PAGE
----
• 9. Has the design of KESKUS International Estonian Centre been developed?
    Estonian-Canadian architect Alar Kongats has developed a bold and modern design for KESKUS International Estonian Centre. The design will evolve just as in any development as the project moved through the approvals and due diligence process and as it progresses through construction to opening. The final design will need to balance the needs of the community, the project budget, commercial tenants and financial sustainability. The square footage of KESKUS is the same as the current Estonian House but its layout and area will be different. The flexible design will be more efficient. Flexible space will enable the use of space to be maximized and customized for each activity and event. We will be able to enjoy accessible, modern hall facilities, wide hallways, convenient washroom locations and bright open spaces, to name just a few of the benefits. The community will continue to be consulted as the plans evolve and the use of space is determined in final detail. Design updates are provided to the community at regular Community Engagement Sessions, via the monthly newsletter and the KESKUS blog, on the website.
  • 10. Will there be a grand hall?
    The Jänes-Koppel Grand Hall in KESKUS will be of similar size to the grand hall in the Broadview Estonian House. It will be able to accommodate 300 guests theatre seating format and 220 guests banquet style. The moveable stage allows for configurations in the hall as it is divisible into three. It will have a commercial catering kitchen with access into each part of the hall. Gracing the hall will, of course, be the Estonia grand piano.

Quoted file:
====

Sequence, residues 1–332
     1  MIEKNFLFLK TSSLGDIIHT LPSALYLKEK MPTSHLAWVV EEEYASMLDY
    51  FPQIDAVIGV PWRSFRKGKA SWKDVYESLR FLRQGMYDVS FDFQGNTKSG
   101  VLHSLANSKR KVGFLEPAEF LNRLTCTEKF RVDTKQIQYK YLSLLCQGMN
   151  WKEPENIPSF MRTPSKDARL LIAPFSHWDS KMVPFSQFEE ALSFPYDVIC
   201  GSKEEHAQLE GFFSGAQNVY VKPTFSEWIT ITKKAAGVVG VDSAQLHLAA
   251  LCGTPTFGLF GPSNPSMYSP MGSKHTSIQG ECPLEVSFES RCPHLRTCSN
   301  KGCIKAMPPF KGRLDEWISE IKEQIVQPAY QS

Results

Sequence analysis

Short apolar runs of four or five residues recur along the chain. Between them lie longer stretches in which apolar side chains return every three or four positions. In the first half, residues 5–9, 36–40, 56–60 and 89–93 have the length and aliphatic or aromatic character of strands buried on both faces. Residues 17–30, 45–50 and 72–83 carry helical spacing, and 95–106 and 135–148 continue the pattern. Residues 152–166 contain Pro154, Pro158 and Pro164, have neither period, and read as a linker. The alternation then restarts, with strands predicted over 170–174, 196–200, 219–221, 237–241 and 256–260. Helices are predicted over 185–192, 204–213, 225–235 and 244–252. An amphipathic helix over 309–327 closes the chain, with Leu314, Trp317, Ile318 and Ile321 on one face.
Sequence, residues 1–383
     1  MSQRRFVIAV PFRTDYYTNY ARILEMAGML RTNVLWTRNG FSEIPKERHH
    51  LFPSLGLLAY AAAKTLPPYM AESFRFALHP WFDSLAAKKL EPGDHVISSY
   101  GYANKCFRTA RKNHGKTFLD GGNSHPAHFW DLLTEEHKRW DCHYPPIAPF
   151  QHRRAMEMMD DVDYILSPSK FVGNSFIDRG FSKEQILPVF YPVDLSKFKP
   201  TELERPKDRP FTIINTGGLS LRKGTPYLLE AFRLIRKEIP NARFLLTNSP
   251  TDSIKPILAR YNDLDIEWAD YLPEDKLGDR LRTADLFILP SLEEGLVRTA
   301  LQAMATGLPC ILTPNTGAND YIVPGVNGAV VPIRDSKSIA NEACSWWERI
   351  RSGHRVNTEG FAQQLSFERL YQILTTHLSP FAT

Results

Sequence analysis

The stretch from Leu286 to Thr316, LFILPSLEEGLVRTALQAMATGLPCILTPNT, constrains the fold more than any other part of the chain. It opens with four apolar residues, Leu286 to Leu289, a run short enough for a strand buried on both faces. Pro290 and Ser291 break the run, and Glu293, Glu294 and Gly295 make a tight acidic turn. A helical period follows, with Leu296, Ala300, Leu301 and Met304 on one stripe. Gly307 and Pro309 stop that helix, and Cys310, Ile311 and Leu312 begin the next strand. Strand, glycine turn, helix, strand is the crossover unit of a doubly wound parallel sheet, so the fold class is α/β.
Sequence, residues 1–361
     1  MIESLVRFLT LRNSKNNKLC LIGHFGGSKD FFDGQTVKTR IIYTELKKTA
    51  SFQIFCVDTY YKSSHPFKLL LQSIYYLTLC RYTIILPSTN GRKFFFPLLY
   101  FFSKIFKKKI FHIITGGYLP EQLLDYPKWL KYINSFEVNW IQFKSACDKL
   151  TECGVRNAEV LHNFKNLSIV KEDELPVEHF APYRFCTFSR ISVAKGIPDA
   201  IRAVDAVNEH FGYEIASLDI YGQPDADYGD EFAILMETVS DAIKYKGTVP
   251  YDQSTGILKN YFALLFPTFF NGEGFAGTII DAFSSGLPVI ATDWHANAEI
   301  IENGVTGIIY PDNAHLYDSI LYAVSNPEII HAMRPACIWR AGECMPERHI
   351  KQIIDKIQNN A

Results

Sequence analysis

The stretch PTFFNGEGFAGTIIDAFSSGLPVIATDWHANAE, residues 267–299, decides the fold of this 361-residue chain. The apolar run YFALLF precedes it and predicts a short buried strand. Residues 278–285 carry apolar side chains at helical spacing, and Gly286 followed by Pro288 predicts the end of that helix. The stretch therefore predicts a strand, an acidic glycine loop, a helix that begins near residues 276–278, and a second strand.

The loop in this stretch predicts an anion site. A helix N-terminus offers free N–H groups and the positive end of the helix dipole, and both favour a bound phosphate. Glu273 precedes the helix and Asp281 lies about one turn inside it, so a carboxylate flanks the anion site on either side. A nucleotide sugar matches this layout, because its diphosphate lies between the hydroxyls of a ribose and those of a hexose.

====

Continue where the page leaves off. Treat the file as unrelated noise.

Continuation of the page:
• 11. Will there be enough classrooms?
    Yes – the design is based on flexible space so the rooms sizes can be expanded and contracted as needed. In addition to the community room, the library and study lounge, there are a number of areas that can function as learning spaces.
  • 12. How will KESKUS International Estonian Centre be viable financially?
    Located in the heart of Toronto's Bloor St Culture Corridor within the ambit of the University of Toronto and the tech community, and just minutes from the financial core, the International Estonian Centre will offer an excellent location for a variety of events, conferences. In simple terms, the operating business plan is to generate enough revenue from long term tenants and the events and rental business to cover the costs of operating and ensure a capital reserve to maintain the facility into the future.
  • 13. Will there be parking and a drop-off area at the new centre?